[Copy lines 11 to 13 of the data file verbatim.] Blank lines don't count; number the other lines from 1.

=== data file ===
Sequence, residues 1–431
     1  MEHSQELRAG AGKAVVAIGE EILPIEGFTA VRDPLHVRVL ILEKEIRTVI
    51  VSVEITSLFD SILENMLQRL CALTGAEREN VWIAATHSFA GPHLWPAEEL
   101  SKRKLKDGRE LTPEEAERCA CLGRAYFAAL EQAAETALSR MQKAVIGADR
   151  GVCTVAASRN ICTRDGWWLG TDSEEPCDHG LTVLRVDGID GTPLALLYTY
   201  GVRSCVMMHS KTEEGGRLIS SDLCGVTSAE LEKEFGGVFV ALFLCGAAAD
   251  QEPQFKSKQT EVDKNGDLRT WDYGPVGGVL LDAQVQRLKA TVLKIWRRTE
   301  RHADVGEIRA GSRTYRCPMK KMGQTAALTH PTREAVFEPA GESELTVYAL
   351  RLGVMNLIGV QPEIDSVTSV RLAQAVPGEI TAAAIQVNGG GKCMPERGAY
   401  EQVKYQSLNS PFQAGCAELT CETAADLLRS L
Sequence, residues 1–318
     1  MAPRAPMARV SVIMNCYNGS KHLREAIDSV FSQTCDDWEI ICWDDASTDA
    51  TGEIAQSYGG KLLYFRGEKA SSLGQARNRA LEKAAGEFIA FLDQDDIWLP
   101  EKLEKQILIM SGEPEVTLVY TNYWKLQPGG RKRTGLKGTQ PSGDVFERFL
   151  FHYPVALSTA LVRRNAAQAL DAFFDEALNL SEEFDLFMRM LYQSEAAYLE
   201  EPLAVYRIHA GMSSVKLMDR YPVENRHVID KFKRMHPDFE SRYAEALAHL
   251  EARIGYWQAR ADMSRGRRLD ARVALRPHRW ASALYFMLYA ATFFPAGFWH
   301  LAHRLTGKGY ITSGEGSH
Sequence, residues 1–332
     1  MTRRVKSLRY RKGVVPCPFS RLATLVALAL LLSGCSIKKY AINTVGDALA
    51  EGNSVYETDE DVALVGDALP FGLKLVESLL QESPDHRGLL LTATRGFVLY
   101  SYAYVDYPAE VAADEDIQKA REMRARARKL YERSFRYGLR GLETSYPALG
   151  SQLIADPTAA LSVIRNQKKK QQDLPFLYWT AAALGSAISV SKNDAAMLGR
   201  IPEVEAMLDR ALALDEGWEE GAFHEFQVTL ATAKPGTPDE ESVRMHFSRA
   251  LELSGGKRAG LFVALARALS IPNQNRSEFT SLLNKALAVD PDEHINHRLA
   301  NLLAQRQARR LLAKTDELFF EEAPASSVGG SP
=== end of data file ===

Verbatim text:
Sequence, residues 1–318
     1  MAPRAPMARV SVIMNCYNGS KHLREAIDSV FSQTCDDWEI ICWDDASTDA
    51  TGEIAQSYGG KLLYFRGEKA SSLGQARNRA LEKAAGEFIA FLDQDDIWLP